One little act of kindness can make a massive difference to another person’s world. I was nervous and slightly embarrassed about mentioning my smoke intolerance to ‘The Pig’, as knew that I needed adjustments to be able to stay. They could have taken the easy road and said no when I booked, citing that it was impossible to keep me from fires. But instead they offered to help, think outside the box, find a solution. By serving dinner and breakfast and drinks in our room, they made it possible for me to experience their restaurant food like everyone else. By upgrading us to the extravagant “Bert’s Box”, it more than made up for being unable to wander the hotel rooms. They made our trip amazing. Memorable. Those acts of kindness have made my year.I would rather be able to walk up the steps to a restaurant, sit on their hard backed chairs, eat in front of a fire. But I can’t. I’d rather not have to ask for help or adjustments or special treatment. But I have to. So when people show kindness and consideration, thoughtfulness and help. When people don’t just say no, but try to find a way around my problem… it makes a big difference to my world. It’s the difference between staying at home or going on holiday; watching TV or joining friends for a meal. Those little adaptions allow me to access the world like everyone else. Equality. And I’m incredibly thankful and grateful that there are so many good people in the world, who are happy to help.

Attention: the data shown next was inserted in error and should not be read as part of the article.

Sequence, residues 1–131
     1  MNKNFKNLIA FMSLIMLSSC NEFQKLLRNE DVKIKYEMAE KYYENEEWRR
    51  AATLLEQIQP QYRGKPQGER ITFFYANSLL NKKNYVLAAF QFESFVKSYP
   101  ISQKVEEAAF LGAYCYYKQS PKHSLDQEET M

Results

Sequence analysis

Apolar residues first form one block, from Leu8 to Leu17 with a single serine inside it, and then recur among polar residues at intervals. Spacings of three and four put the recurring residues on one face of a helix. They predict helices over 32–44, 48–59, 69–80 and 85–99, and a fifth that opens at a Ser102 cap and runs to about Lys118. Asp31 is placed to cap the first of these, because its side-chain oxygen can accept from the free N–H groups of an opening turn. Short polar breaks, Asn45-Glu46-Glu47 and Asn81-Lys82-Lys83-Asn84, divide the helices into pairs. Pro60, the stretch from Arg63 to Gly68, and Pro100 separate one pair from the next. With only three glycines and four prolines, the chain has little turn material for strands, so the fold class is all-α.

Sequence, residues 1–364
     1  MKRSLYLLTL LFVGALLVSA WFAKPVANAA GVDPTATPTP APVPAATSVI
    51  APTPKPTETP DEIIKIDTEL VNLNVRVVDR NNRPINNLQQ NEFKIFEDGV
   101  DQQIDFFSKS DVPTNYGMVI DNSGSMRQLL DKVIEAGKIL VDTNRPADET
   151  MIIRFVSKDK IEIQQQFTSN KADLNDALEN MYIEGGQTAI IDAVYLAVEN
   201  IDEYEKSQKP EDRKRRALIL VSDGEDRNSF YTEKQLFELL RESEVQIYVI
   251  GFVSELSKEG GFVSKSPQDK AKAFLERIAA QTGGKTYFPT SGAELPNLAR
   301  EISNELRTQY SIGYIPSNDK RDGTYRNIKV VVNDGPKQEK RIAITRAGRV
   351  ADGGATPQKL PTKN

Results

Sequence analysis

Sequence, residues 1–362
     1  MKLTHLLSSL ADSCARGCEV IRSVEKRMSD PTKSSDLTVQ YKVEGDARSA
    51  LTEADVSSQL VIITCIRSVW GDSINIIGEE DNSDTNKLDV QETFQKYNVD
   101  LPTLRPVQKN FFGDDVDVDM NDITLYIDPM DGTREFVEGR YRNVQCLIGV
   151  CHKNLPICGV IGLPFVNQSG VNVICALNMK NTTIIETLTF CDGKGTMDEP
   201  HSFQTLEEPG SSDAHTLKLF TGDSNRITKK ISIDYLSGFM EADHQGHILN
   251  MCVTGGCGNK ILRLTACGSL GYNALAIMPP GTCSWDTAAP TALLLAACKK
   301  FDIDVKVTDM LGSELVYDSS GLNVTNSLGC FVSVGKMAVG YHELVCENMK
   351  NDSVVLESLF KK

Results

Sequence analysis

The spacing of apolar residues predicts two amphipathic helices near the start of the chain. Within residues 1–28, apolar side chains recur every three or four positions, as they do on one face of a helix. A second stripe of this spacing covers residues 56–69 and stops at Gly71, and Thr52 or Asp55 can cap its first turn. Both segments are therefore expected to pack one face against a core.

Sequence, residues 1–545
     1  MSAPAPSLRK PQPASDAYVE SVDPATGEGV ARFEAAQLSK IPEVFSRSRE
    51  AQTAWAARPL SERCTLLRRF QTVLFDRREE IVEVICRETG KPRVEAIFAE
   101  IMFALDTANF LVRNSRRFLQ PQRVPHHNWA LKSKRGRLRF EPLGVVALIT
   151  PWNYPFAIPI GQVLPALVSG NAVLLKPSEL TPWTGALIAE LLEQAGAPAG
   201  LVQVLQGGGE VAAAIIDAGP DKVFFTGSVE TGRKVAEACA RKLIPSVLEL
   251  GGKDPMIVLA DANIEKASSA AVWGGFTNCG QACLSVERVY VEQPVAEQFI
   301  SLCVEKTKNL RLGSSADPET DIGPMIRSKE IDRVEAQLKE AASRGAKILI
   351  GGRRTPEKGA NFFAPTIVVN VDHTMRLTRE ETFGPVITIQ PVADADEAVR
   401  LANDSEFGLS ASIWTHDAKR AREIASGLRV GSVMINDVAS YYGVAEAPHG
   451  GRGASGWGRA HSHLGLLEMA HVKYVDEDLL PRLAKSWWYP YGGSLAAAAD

And so many more good holiday cottage owners who happily let me bring my oxygen!